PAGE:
“There’s no such thing as a low-yield nuclear war,” said Rep. Ted Lieu (D-Calif.), one of the co-sponsors, who also gave his pitch at the Ploughshares Fund gathering this month. “Use of any nuclear weapon, regardless of its killing power, could be catastrophically destabilizing.”
Leading Democrats also have their sights on a new intercontinental ballistic missile that is under development as the future land-based leg of the nuclear triad. The Ground Based Strategic Deterrent is set to replace current ICBMs that are deployed in underground silos in Western states such as Montana, Wyoming and North Dakota.
“The ICBM is where the debate will focus,” predicted Mieke Eoyang, vice president of national security at Third Way, a centrist think tank, and a former aide on the House Intelligence Committee.
One key argument will be cost, she added.
“People make the case for all three legs of the triad, but when you look at the budget situation, the Pentagon is going to have to make some tough choices,” Eoyang said in an interview. “The modernization of the triad is a big-ticket item that comes over and above what current Defense Department needs are — at a time when budget pressures are coming the other way.”
Critics also argue that the ICBM has outlived its usefulness.
Perry, who served as Pentagon chief for President Bill Clinton, has argued that the land-based ICBM is the leg of the triad that is most prone to miscalculation and an accidental nuclear war. He said submarine- and aircraft-launched nuclear weapons would provide a sufficient deterrent on their own.
But not everyone thinks cutting one leg of the triad will be easy. They cite the political clout of defense contractors and their political supporters in both parties, including the so-called ICBM Caucus — especially in the Senate, which will remain under Republican control.
“They won’t be able to take on the triad,” warned former Rep. John Tierney (D-Mass.), executive director of the Center for Arms Control and Nonproliferation, who chaired the national security and foreign affairs panel of the Government Oversight and Reform Committee.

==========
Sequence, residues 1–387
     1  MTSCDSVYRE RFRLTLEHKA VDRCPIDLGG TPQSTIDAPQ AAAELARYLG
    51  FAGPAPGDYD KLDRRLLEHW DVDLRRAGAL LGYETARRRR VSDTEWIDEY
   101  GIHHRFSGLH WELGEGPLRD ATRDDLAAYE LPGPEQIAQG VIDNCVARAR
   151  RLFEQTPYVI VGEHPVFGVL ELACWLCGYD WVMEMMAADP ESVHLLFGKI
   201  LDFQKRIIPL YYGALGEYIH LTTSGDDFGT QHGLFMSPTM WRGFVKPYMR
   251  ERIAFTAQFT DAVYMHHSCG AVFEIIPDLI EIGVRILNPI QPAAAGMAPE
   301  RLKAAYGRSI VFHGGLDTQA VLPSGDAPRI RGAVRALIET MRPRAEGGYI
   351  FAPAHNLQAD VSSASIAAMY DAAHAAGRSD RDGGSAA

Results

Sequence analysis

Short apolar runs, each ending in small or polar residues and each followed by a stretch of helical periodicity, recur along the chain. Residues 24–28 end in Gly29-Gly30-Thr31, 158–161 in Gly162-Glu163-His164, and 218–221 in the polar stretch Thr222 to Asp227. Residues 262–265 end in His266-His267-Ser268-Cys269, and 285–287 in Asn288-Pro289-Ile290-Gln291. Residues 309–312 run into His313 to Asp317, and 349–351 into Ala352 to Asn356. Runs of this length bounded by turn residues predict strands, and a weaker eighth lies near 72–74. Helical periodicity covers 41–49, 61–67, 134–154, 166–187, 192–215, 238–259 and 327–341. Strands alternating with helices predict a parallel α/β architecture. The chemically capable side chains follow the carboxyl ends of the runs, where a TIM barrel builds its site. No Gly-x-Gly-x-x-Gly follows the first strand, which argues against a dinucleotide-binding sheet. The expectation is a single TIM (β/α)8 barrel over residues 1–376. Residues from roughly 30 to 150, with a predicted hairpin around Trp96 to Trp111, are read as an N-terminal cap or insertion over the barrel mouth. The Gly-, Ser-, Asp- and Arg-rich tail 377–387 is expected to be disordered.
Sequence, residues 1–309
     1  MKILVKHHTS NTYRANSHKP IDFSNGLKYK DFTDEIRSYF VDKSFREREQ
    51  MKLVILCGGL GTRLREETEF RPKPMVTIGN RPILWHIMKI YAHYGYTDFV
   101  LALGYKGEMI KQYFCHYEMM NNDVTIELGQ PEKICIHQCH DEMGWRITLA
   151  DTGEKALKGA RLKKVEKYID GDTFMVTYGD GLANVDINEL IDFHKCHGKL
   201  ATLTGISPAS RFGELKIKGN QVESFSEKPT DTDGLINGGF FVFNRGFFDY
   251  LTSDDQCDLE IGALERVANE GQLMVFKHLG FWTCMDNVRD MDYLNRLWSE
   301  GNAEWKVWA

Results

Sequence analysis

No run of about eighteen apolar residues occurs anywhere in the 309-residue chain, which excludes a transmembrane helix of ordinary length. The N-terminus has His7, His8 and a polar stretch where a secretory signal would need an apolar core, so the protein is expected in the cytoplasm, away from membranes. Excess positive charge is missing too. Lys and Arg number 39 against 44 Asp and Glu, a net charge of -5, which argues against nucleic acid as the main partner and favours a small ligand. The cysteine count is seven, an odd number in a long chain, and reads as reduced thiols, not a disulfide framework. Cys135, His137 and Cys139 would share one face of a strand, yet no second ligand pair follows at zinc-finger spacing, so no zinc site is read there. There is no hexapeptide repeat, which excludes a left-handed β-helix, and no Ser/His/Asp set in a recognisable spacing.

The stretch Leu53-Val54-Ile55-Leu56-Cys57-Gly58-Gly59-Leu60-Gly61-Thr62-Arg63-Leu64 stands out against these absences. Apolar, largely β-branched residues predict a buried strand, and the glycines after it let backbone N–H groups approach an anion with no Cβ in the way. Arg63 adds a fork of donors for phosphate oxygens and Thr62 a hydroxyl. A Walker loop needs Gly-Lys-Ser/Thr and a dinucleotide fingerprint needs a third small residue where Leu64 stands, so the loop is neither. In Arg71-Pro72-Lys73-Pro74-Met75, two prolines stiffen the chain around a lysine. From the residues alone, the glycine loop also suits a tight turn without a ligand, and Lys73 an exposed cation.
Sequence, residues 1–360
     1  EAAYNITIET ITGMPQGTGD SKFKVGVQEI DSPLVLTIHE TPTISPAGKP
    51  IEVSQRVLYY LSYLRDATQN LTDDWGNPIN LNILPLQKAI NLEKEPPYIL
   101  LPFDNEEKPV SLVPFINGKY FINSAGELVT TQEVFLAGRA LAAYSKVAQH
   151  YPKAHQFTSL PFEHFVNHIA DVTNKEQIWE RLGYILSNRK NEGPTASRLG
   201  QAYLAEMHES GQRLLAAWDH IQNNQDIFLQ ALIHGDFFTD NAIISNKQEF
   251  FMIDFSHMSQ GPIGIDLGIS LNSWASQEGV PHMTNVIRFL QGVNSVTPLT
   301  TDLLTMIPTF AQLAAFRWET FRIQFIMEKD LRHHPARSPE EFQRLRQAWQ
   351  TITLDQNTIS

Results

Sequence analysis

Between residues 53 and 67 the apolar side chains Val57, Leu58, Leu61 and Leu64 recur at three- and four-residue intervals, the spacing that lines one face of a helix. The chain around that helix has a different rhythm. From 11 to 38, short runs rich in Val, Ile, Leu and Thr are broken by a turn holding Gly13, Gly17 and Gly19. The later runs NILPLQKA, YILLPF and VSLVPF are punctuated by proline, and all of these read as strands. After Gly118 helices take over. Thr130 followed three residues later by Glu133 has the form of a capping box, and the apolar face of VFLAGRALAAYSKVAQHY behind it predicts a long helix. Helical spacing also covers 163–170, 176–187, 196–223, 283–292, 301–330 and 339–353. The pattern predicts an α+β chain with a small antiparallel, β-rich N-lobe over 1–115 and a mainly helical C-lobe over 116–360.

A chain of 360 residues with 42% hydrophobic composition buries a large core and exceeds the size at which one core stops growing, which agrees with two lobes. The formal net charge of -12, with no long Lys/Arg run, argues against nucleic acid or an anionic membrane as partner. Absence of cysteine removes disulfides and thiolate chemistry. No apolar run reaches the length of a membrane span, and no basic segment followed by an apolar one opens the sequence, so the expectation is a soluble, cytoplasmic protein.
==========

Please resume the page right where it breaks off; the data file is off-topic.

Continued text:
But Tierney and others said the House can pursue other areas for reshaping nuclear policy — and force the Senate to take up their proposals.
One way is to revive legislation adopting a “no first use” policy for nuclear weapons, declaring that a president could not order the use of nuclear weapons without a declaration of war from Congress.
“We want to avoid the miscalculation of stumbling into a nuclear war,” Smith said. “And this is where I think the No First Use Bill is incredibly important: to send that message that we do not view nuclear weapons as a tool in warfare.”
The unfolding strategy will also rely on inserting new reporting requirements in defense legislation as a delaying tactic on some nuclear efforts or to compel the administration to reconsider its opposition to some arms control treaties.
While the president negotiates treaties and the Senate is vested with the constitutional authority to ratify them, the House also has some power to force the administration’s hand.
Trump, citing Russian violations, has threatened to pull out of the Intermediate-Range Nuclear Forces Treaty that Reagan signed with the then-Soviet Union in 1987. He recently sent national security adviser John Bolton to Moscow to relay the message.
But critics say the landmark treaty, which banned land-based missiles with ranges from 50 to 5,500 kilometers, is still worth trying to salvage with the Russians. And Democrats can try to force the Trump administration to curtail plans for a new cruise missile that would match the Russians.
The Democrats can put the cruise missile “back on its heels,” Tierney said. “Sometimes they can delay, sometimes defeat.”
Democrats also worry that the Trump administration will opt to not renew the New START Treaty with Russia, which expires in early 2021. That pact, reached in 2010, mandates that each side can have no more than 1,550 deployed nuclear weapons and requires regular inspections to ensure each side is complying.
Trump and his advisers “are opposed to multilateralism just based on principle,” Smith told the crowd of arms control advocates. “That is John Bolton’s approach, that he doesn’t want to negotiate with the rest of the world, almost regardless of what it is that we negotiate.”
But Kimball, who met recently with Smith, said Democrats have options on that front, too.
“If the Trump administration threatens to allow New START to expire in 2021, the Democrats are not under any obligation to fund the administration’s request for nuclear weapons,” Kimball said.
He pointed out that Obama secured bipartisan Senate support for ratifying the New START treaty in return for a pledge to increase spending on upgrading the nuclear arsenal and new missile defense systems. “That linkage works the other way, too,” Kimball said.
What is clear is that the nuclear arms control crowd sees Smith as the best hope for change in many years.
“I don’t think it is going to be easy, but we see a chance that we haven’t seen in a long time to have a different path forward on nuclear weapons,” said Stephen Miles, director of Win Without War, an antiwar group. “There isn’t enough money available for the wild plans we had before, let alone Trump’s new objectives.”